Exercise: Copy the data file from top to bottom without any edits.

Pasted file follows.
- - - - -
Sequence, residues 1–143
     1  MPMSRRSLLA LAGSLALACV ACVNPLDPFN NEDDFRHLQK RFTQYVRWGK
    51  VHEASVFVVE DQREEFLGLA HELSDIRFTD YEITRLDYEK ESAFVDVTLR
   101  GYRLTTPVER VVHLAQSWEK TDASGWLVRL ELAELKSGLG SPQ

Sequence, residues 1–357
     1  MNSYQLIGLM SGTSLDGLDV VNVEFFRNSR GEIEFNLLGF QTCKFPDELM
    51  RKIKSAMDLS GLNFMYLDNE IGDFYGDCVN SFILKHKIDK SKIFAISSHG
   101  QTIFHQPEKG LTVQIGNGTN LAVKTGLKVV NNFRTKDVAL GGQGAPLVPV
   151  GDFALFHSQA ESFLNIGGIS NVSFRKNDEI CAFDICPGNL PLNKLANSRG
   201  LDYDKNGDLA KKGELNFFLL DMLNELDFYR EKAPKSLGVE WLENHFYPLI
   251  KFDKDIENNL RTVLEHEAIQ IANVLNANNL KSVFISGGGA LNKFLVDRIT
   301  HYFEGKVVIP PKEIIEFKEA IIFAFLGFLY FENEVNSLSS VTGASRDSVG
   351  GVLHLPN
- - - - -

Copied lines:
Sequence, residues 1–143
     1  MPMSRRSLLA LAGSLALACV ACVNPLDPFN NEDDFRHLQK RFTQYVRWGK
    51  VHEASVFVVE DQREEFLGLA HELSDIRFTD YEITRLDYEK ESAFVDVTLR
   101  GYRLTTPVER VVHLAQSWEK TDASGWLVRL ELAELKSGLG SPQ

Sequence, residues 1–357
     1  MNSYQLIGLM SGTSLDGLDV VNVEFFRNSR GEIEFNLLGF QTCKFPDELM
    51  RKIKSAMDLS GLNFMYLDNE IGDFYGDCVN SFILKHKIDK SKIFAISSHG
   101  QTIFHQPEKG LTVQIGNGTN LAVKTGLKVV NNFRTKDVAL GGQGAPLVPV
   151  GDFALFHSQA ESFLNIGGIS NVSFRKNDEI CAFDICPGNL PLNKLANSRG
   201  LDYDKNGDLA KKGELNFFLL DMLNELDFYR EKAPKSLGVE WLENHFYPLI
   251  KFDKDIENNL RTVLEHEAIQ IANVLNANNL KSVFISGGGA LNKFLVDRIT
   301  HYFEGKVVIP PKEIIEFKEA IIFAFLGFLY FENEVNSLSS VTGASRDSVG
   351  GVLHLPN